Alison Kearney will discuss "New Identities in Contemporary South African Art."
In the years following the end of apartheid, many South African artists were focused on grappling with the legacy and trauma of violent, systematic, institutionalized racism. There was new found interest in contemporary South African art after cultural sanctions were lifted, and artists felt the need to establish a distinct “South African” style. The need to create a recognizable South African identity was palpable in art works that explored personal histories, and the legacies of racial oppression.
25 years in to democracy, a new generation of contemporary artists is moving away from a focus on Apartheid identity politics, to exploring diverse forms of making and engaging more critically with discourses of art. Artists like Tony Gum situate themselves within a global visual culture through experimenting with different identities, and challenge the exclusionary gallery system by making use of social media, as a means to make their art making practice visible. Dr. Kearney will unpack some of the key themes and issues in contemporary South African art.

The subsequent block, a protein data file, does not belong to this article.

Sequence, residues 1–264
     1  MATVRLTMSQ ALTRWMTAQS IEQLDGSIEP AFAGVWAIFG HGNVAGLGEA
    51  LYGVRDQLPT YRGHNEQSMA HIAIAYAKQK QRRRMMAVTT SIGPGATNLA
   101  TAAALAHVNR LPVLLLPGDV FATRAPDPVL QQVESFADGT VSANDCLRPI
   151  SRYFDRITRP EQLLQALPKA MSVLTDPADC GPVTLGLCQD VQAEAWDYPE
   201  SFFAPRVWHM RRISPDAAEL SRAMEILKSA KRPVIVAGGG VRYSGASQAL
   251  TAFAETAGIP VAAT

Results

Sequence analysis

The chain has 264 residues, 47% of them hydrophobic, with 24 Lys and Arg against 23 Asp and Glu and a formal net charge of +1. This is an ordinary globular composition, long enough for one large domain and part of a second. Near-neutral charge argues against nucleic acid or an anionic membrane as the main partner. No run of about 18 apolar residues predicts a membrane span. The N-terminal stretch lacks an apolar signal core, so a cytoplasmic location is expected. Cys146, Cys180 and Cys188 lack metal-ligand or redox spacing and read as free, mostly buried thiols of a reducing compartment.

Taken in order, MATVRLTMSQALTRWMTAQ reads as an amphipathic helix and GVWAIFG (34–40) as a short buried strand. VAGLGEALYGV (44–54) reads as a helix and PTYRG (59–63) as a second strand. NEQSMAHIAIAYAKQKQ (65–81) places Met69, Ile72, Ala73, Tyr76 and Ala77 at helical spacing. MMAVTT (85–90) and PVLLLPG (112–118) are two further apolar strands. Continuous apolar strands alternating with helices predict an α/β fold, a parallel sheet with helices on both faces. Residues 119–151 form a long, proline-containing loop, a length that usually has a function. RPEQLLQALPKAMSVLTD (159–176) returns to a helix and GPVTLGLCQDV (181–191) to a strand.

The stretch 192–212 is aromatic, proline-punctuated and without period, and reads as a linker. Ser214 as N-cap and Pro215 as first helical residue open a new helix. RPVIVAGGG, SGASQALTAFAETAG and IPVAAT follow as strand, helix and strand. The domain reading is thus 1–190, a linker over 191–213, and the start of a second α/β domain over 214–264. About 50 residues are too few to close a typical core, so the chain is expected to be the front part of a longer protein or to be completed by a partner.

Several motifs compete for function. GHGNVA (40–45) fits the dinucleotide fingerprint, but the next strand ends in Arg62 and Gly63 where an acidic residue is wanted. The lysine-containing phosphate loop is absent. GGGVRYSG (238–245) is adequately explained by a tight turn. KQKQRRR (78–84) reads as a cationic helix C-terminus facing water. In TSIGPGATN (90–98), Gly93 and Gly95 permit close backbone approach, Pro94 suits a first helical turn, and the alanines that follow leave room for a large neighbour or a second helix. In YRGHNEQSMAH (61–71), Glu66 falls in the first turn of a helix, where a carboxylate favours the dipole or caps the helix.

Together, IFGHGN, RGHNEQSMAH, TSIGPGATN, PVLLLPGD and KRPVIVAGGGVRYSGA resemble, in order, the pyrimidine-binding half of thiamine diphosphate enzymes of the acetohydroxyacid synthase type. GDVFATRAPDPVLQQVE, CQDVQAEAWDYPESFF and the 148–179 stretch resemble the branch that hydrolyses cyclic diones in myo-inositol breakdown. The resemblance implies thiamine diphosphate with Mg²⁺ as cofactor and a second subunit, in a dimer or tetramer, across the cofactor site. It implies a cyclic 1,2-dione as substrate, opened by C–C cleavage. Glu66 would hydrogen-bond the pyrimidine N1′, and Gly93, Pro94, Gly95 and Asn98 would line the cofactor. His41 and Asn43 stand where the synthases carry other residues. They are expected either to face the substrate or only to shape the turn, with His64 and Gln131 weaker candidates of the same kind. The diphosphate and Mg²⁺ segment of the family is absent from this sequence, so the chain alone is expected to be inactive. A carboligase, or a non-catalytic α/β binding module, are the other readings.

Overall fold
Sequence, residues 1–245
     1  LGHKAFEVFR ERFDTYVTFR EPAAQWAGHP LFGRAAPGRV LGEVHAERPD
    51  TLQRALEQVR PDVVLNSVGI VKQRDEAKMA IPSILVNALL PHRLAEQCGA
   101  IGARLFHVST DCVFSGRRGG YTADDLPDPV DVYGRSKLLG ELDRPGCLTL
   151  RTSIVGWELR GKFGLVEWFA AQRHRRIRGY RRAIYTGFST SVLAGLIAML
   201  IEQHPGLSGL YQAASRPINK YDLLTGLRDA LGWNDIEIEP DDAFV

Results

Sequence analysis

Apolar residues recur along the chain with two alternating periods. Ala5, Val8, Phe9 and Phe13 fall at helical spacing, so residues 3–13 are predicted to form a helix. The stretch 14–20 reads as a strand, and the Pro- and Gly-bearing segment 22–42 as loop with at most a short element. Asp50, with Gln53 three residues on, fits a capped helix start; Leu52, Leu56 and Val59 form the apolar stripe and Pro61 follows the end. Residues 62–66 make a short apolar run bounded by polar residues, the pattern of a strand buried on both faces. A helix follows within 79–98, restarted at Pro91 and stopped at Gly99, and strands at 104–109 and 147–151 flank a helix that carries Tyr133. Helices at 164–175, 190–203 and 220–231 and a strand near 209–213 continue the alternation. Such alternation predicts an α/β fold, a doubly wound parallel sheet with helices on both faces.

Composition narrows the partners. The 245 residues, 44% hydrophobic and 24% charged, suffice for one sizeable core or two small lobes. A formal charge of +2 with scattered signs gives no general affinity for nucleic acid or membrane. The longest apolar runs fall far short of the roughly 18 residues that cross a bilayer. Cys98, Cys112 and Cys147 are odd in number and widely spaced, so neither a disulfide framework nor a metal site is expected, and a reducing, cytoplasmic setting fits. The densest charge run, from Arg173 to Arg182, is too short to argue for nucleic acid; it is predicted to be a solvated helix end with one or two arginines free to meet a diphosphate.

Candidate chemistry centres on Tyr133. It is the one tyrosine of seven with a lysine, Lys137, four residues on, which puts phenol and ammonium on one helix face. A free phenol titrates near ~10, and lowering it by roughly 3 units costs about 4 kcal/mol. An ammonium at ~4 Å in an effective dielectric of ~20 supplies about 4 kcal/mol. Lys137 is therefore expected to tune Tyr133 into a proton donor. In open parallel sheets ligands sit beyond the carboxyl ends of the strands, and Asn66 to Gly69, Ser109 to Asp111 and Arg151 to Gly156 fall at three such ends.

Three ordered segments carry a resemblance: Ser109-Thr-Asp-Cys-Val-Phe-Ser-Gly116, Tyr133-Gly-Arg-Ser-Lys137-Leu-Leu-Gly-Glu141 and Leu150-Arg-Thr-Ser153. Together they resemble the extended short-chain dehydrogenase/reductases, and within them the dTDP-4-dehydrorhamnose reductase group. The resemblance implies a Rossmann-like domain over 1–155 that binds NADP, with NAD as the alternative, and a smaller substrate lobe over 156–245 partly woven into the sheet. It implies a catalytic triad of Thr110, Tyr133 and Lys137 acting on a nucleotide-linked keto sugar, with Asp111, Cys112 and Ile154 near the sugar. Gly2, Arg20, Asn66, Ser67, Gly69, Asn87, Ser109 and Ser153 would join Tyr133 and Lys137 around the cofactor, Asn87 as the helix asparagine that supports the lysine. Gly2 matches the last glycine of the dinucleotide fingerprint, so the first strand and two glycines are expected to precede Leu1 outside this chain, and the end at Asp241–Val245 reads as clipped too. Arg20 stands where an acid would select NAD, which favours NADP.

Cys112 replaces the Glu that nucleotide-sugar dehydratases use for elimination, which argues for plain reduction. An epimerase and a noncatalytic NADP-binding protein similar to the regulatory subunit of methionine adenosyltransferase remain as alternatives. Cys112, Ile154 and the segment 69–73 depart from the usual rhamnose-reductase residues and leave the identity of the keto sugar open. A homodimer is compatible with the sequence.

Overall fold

Alison Kearney is an artist and scholar of South African art. She obtained her Ph.D., titled "Beyond the Readymade: Found Objects in Contemporary South African Art" in 2016. She completed her master’s degree in fine art from the University of the Witwatersrand in 2004 with distinction.
Kearney has participated in numerous group exhibitions in South Africa, Switzerland and Australia. She was a finalist in the 2003 MTN New contemporaries Awardand has participated in artist’s residencies in Basel and Melbourne. She has published scholarly work on contemporary South African art and developed education materials for engaging with art for Wits Art Museum. She is a recipient of an NRF Thuthuka Grant (2012-2014) that enabled her Ph.D. research.
Tuesday, February 4 at 7:00pm to 8:00pm
Horvitz Hall, 220
106 College Drive, Gambier, OH 43022